Soon after leaving Storkterstad, a station about two days’ journey from Lillehammer, on the main road to Trondhjem, I passed through a very steep and rugged defile in the mountains, with jagged rocks on the right and the foaming waters of the Logen on the left, where my attention was called by the skydskaarl to a small monument by the roadside hearing an inscription commemorative of the death of Colonel Sinclair. If I remember correctly, a fine description is given of this celebrated passage by Mogge, whose graphic sketches of Norwegian scenery I had frequent occasion to admire, during my tour, for their beauty and accuracy. I fully agree with my friend Bayard Taylor, that the traveler can find no better guide to the Fjelds and Fjords of this wild country than “Afraja” and “Life and Love in Norway.” Laing has also given an interesting account of the massacre of Colonel Sinclair’s party. From his version of this famous incident in Norwegian history it appears that, during the war between Christian the Fourth of Denmark and Gustavus Adolphus of Sweden, while the Danes held the western coast of Norway, Colonel Sinclair, a Scotchman, desiring to render assistance to the Swedes, landed at Romsdalen, on the coast, with a party of nine hundred followers. Another detachment of his forces landed at Trondhjem. It was their intention to fight their way across the mountains and join the Swedish forces on the frontier. Sinclair’s party met with no resistance till they arrived at the pass of Kringelen, where three hundred peasants, hearing of their approach, had prepared an ambush. Every thing was arranged with the utmost secrecy. An abrupt mountain on the right, abounding in immense masses of loose rock, furnished the means of a terrible revenge for the ravages committed by the Scotch on their march from Romsdalen. The road winds around the foot of this mountain, making a narrow pass, hemmed in by the roaring torrents of the Logen on the one side and abrupt cliffs on the other. Across the river, which here dashes with frightful rapidity through the narrow gorge of the mountains, the country wears an exceedingly weird and desolate aspect; the ravines and summits of the mountains are darkened by gloomy forests of pine, relieved only by hoary and moss-covered cliffs overhanging the rushing waters of the Logen. On the precipitous slopes of the pass, hundreds of feet above the road, the peasants gathered enormous masses of rock, logs of wood, and even trunks of trees, which they fixed in such a way that, at a moment’s notice, they could precipitate the whole terrible avalanche upon the heads of the enemy.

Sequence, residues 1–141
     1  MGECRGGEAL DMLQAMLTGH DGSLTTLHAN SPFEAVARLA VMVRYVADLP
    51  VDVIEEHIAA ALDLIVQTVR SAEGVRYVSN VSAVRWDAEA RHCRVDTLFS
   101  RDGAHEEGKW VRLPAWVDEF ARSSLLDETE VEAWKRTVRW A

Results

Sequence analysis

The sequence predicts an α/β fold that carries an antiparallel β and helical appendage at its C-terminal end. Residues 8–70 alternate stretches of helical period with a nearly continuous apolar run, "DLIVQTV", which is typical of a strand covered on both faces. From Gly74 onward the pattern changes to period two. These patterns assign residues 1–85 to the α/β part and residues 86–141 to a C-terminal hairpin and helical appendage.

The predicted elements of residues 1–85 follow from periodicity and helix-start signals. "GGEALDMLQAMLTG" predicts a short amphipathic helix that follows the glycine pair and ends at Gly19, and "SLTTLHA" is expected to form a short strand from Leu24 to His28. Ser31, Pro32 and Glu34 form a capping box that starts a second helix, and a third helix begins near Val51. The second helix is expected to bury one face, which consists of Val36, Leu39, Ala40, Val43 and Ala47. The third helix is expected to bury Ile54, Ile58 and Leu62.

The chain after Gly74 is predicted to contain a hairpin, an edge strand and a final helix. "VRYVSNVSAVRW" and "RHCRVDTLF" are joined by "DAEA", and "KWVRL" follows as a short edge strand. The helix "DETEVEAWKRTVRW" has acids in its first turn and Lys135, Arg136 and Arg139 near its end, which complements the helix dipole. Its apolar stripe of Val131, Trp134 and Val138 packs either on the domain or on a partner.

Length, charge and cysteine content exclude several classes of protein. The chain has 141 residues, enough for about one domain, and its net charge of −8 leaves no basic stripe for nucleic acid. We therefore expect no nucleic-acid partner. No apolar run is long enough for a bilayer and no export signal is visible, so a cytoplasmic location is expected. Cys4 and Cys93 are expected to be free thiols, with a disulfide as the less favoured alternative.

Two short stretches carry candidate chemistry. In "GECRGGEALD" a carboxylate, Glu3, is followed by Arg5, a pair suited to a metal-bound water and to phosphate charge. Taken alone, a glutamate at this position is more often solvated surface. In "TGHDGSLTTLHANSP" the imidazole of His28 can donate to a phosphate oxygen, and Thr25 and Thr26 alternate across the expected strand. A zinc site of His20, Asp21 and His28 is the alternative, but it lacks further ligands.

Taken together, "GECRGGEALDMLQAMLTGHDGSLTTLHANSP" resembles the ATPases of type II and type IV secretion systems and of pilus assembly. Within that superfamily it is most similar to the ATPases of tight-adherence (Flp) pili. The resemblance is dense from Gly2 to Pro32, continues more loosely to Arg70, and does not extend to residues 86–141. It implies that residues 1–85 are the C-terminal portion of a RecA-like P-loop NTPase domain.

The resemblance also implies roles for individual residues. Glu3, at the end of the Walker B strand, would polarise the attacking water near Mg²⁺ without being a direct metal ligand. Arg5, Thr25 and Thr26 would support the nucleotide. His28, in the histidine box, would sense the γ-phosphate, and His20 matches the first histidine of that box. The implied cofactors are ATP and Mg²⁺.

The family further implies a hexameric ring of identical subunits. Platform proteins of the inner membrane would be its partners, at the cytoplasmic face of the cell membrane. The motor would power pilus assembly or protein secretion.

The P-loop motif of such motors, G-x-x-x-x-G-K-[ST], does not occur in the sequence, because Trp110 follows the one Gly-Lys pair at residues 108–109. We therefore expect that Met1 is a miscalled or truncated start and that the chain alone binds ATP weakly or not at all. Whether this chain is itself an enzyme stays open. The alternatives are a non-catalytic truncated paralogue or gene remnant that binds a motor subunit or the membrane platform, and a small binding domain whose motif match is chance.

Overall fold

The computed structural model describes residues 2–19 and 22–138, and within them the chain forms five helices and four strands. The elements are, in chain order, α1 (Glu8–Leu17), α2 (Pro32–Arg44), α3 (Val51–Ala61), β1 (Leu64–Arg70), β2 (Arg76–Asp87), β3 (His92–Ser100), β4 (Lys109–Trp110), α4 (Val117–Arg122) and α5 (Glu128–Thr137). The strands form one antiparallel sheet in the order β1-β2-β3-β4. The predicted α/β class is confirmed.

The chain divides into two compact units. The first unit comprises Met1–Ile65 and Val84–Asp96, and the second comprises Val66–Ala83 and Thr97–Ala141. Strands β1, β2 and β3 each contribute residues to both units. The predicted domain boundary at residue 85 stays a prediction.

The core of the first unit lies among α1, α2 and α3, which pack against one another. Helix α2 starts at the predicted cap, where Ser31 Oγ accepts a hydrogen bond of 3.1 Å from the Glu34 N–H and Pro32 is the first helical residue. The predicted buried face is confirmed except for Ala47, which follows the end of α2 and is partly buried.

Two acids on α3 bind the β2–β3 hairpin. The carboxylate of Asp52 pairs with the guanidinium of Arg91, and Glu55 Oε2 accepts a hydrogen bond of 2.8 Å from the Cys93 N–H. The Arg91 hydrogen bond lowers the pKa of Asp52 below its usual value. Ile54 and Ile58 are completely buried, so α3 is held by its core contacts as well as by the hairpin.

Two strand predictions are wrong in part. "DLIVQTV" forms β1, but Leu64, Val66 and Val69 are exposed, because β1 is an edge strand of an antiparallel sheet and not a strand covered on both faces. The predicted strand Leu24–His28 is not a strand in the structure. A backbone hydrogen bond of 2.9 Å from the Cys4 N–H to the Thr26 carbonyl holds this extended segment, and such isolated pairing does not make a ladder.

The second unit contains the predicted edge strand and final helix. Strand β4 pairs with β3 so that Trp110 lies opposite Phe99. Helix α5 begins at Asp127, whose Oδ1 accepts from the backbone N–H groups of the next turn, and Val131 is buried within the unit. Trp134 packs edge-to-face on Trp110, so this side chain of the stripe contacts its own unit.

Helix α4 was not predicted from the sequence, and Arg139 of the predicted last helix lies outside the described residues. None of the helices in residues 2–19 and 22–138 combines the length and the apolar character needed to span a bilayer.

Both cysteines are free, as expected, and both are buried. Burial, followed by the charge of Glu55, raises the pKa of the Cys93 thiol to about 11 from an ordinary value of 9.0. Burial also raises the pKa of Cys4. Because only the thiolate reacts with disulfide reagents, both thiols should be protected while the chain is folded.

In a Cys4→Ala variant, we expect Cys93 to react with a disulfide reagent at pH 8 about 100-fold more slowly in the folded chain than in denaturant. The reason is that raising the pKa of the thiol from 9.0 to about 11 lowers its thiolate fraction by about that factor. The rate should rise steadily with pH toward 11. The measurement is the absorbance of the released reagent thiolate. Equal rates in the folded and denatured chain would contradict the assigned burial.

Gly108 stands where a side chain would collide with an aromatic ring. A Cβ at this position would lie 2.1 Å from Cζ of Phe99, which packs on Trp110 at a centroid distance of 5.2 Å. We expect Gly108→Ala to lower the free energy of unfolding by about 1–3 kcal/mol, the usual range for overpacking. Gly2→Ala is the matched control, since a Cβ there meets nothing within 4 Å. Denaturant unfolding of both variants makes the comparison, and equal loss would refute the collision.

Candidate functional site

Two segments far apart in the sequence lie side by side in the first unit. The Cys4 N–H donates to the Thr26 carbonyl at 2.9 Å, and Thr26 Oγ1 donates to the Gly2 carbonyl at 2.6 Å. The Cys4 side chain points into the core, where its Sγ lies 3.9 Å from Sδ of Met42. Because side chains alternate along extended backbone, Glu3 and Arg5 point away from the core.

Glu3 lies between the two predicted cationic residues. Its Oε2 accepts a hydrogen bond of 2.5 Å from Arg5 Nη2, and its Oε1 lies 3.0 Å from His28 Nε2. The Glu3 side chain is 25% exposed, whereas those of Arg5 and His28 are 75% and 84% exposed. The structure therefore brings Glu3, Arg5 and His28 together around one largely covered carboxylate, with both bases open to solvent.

Such was the secrecy with which the peasants managed the whole affair, that the Scotch, ignorant even of the existence of a foe, marched along in imaginary security till they reached the middle of the narrow pass, when they were suddenly overwhelmed and crushed beneath the masses of rocks and loose timbers launched upon them by the Norwegians. Rushing from their ambush, the infuriated peasants soon slaughtered the maimed and wounded, leaving, according to some authorities, only two of the enemy to tell the tale. Others, however, say that as many as sixty escaped, but were afterward caught and massacred. Attached to this fearful story of retribution, Laing mentions a romantic incident, which is still currently told in the neighborhood. A young peasant was prevented from joining in the attack by his sweet-heart, to whom he was to be married the next day. She, learning that the wife of Colonel Sinclair was among the party, sent her lover to offer his assistance; but the Scotch lady, mistaking his purpose, shot him dead. Such is the tragic history that casts over this wild region a mingled interest of horror and romance.